13th September 2019
Whistleblowing. An action many people tend to avoid based on the fearmongering reputation that is said to go along with it, hand in hand.
Despite the law stating that you are protected by law and should not be treated unfairly if you ‘blow the whistle’, there seems to be a strange attitude that lingers in regard to whistleblowers. Society appears to ostracise those who are brave enough to speak out when there is wrongdoing that needs to be addressed.
This is baffling, to say the least, as it seems pretty clear that without courageous people who put the greater good above their own wellbeing should be admired and maybe even rewarded for speaking up – not reprimanded.
I wonder if this mindset is based on a lack of knowledge and understand of what whistleblowing actually is and the benefits that it can have on companies and society as a whole.
What is Whistleblowing?
Whistleblowing is a colloquial term used to describe the disclosure of wrongdoing in an organisation.
- A criminal offence such as fraud.
- Health and safety being at risk.
- Risk of or actual damage to the environment.
- A miscarriage of justice.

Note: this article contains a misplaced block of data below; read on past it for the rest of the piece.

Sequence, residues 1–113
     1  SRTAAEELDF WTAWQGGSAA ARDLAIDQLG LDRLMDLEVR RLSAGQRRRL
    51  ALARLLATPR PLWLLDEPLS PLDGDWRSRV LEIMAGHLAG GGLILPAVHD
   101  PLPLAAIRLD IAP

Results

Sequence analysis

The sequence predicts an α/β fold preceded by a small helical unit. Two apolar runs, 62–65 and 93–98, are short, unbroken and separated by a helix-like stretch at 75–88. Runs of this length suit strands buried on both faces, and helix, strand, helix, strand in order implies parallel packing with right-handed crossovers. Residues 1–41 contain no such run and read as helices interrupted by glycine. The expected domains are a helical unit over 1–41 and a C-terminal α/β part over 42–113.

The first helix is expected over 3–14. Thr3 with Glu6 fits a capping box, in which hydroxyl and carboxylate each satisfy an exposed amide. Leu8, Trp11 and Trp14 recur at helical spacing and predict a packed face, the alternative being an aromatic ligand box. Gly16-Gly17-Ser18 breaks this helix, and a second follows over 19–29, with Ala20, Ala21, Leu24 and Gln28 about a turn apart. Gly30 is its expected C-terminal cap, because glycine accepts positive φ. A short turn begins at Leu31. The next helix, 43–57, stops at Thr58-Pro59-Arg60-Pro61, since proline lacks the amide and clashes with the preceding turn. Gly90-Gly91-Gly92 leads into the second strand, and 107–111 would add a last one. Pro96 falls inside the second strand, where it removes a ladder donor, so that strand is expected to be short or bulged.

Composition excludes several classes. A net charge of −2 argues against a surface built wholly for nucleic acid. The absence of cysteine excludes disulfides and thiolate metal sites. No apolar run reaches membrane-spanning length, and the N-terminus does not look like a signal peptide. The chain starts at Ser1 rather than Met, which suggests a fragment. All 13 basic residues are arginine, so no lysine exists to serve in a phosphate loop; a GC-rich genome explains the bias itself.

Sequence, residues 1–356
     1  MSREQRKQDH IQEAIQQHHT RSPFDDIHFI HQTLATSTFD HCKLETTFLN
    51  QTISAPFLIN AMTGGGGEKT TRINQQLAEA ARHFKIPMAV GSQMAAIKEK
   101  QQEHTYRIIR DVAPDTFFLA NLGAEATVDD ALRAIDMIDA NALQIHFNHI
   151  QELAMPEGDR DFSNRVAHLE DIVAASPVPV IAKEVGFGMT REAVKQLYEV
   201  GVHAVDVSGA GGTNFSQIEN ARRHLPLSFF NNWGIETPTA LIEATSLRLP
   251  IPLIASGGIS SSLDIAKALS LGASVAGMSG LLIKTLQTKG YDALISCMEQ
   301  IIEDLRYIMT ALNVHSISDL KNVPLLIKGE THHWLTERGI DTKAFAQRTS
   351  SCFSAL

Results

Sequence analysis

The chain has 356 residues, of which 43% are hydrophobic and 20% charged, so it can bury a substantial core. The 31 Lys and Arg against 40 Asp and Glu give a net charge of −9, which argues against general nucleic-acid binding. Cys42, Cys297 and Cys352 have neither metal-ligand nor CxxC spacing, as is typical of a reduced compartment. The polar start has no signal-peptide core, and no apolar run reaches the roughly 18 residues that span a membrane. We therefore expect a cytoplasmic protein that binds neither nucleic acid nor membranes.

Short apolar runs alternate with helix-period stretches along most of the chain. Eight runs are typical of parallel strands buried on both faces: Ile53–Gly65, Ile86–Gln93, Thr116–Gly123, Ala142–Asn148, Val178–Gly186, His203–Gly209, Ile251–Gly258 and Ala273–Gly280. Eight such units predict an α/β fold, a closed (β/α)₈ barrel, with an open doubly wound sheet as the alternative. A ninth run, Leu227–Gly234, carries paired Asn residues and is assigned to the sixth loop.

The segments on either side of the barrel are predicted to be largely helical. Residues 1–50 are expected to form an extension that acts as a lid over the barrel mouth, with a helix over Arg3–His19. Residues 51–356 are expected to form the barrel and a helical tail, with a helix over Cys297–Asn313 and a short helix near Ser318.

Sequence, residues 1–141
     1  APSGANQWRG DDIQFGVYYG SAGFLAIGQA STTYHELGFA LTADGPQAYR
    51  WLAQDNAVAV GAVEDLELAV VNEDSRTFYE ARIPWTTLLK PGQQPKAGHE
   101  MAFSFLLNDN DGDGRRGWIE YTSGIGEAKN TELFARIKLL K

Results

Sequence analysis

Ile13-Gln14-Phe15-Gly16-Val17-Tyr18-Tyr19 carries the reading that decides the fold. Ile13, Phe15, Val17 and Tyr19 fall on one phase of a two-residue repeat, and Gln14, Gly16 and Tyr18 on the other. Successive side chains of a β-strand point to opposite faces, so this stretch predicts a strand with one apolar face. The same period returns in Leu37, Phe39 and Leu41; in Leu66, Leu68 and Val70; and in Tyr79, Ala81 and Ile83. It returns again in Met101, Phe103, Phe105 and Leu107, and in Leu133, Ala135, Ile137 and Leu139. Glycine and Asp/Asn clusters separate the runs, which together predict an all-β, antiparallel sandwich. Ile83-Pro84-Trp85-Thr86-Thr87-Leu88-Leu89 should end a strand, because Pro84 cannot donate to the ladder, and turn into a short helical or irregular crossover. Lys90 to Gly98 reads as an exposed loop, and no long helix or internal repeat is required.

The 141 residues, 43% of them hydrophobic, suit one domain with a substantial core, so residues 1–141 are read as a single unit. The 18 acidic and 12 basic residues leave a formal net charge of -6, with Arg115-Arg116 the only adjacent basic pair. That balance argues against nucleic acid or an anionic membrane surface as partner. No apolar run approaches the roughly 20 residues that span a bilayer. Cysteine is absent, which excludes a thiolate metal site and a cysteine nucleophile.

- The company breaking the law – for example, it doesn’t have the correct (or any) insurance.
- You believe that someone is covering up wrongdoing.
NB: You are not considered a whistleblower if you are reporting a personal grievance (for example – bullying, harassment or discrimination) unless your particular case is in the public interest. These should be reported according to your employer’s grievance policy.
The Benefits of Whistleblowing
First and foremost, whistleblowing is an ethical thing to do. It addresses wrongdoing and allows for justice to be achieved in companies that might otherwise remain unexposed. Where there is honesty amongst employees, it’s more likely that there will be higher cultivation of dedicated and loyal workers which will help your company thrive.
Likewise, that honesty and transparency can really help to facilitate clear and effective communication between staff, management and all departments which can only result in higher levels of productivity and efficiency. Not to mention better all-round working relationships which will assist in creating a happy and friendly working environment where employees feel comfortable.
Protects your Company
Whistleblowing is of vital importance when it comes to directly protecting your company from wrongdoings such as fraud and misconduct. If you fail to recognise, address and ultimately put an end to such violations, you risk the dire alternative of legal prosecution, major fines and a public scandal – not to mention a substantial hit on your otherwise clean and tidy reputation.
Focus on the Right Things
Removing such risks means that you and your employees can focus on what’s really important – your work, the core needs of the business and conclusively, the company’s overall success.
Looks After the Bottom Line